“Never mind.” Eyes you could lose yourself in – yes. Knowledge of Italian film directors – no. I plunked my purse down and rummaged for my ID badge. No point asking a keener if he’d swipe me through. “What’s going on in the control room?” I scrounged deeper into my bag with the fervour of a manic dog trying to surface a buried bone.

“They caught the guy that stole that horse.”

Meet the Author

Soon after finishing her graduate studies in history, Luba landed on the doorstep of Canada’s largest museum, the Royal Ontario Museum where she worked for more than 20 years. Moving from positions in the education and programs departments to the museum’s consulting branch, she concluded her career in the office that managed the museum’s recent controversial architectural renovation. After leaving the museum, Luba worked for several years in an administrative and research capacity for a private museum consulting firm with offices in Toronto and London. She currently works in the educational sector and teaches yoga in her home town of Toronto. Theft by Chocolate is Luba’s debut novel though she has been amusing people with her writing since the age of eight. Her love of chocolate precedes this age and she has been in and out of chocolate rehab for most of her adult life. When not writing or looking for her next chocolate fix, Luba can be found in dance classes, trekking to remote waterfalls in the mountain rain forest in Puerto Rico, running through the streets of Paris or any other number of calorie-burning activities that help offset her chocolate intake.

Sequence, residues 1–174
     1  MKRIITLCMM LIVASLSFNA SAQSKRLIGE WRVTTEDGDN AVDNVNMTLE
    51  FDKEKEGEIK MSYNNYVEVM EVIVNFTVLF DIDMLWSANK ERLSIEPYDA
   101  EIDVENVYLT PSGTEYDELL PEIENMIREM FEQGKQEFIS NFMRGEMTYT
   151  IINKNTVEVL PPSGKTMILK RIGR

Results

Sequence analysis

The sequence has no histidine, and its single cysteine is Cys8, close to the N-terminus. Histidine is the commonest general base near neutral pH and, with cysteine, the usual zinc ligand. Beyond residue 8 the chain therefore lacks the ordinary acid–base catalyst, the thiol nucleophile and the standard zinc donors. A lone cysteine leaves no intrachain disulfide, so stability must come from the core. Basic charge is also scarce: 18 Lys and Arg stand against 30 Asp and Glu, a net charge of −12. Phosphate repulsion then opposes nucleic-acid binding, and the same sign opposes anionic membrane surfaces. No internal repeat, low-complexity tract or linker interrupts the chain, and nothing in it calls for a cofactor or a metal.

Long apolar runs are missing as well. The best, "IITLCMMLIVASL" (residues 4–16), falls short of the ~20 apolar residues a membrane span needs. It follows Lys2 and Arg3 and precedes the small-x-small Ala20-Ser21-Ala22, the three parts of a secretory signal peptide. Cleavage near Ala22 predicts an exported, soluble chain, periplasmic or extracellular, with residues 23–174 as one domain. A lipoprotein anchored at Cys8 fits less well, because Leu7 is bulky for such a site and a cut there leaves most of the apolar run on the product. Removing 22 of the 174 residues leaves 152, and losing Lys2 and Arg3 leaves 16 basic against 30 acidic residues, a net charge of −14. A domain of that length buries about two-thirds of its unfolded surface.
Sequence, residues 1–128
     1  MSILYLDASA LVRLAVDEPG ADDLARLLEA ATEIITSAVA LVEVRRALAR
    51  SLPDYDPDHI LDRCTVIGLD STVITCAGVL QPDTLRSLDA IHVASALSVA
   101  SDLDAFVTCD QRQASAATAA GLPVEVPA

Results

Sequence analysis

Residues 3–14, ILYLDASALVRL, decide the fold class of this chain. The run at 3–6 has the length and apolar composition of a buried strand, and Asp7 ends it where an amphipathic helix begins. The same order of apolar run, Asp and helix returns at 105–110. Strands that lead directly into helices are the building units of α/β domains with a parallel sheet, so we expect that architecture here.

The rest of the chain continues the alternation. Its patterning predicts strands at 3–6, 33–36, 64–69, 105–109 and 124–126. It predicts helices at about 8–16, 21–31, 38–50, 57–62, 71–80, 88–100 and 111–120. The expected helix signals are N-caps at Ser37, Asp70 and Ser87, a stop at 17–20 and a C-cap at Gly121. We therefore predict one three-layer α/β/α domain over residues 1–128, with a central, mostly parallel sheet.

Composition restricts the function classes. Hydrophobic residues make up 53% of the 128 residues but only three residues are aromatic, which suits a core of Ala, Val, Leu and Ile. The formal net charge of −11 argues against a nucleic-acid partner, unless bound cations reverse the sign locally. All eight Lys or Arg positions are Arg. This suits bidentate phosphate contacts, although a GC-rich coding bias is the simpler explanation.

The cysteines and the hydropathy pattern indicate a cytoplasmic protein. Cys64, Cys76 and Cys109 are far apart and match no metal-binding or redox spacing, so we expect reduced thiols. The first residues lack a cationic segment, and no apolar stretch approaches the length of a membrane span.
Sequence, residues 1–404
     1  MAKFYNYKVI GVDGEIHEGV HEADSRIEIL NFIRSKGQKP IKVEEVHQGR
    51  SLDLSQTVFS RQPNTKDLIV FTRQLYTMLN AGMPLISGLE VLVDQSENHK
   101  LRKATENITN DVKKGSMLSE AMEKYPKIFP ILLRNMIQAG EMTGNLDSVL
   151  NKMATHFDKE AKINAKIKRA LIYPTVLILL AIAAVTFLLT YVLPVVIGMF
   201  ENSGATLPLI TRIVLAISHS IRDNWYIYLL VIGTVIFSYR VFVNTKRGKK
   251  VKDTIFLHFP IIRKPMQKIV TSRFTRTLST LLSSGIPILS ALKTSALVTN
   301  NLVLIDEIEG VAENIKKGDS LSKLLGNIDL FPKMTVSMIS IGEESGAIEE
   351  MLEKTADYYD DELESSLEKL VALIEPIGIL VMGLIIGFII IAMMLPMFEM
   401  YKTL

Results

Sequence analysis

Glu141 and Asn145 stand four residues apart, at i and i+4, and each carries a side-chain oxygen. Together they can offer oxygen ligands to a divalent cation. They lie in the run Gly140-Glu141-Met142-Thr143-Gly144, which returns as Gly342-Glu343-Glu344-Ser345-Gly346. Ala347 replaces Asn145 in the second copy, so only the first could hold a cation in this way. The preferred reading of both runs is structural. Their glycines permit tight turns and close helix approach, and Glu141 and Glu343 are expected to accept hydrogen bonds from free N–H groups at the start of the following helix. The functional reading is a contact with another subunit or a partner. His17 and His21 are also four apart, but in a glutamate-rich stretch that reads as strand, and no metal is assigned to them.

Customer Reviews

Average Review:

Write a Review

and post it to your social network


Most Helpful Customer Reviews

See all customer reviews >

Theft by Chocolate 5 out of 5 based on 0 ratings. 2 reviews.
KarysaFaire More than 1 year ago
I loved reading Theft By Chocolate! It was well written, funny, and a good mystery. The author's descriptions of Toronto and London were wonderful and I felt like I was there with Kalena, the heroine, as she chased suspects by taxi or walked miles in spiked heels with heavy suitcase in tow. There is also a little romance that happens (all closed door), enough to satisfy this romance reader. And did I mention the chocolate? Kalena is addicted and we share that addiction with her throughout the story. Be prepared! I ended up eating two pieces of chocolate cake at dinner. I figured if Kalena could do it, why couldn't I? :-) Now I'm off to the gym. . .
Anonymous More than 1 year ago